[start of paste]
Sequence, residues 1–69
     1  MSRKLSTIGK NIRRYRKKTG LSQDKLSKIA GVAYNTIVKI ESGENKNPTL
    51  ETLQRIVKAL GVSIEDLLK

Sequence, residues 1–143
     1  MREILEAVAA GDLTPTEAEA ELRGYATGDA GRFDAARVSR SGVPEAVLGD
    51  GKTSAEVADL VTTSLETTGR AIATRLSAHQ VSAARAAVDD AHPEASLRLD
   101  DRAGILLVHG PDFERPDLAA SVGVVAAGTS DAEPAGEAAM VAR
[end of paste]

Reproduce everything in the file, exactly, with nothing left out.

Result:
Sequence, residues 1–69
     1  MSRKLSTIGK NIRRYRKKTG LSQDKLSKIA GVAYNTIVKI ESGENKNPTL
    51  ETLQRIVKAL GVSIEDLLK

Sequence, residues 1–143
     1  MREILEAVAA GDLTPTEAEA ELRGYATGDA GRFDAARVSR SGVPEAVLGD
    51  GKTSAEVADL VTTSLETTGR AIATRLSAHQ VSAARAAVDD AHPEASLRLD
   101  DRAGILLVHG PDFERPDLAA SVGVVAAGTS DAEPAGEAAM VAR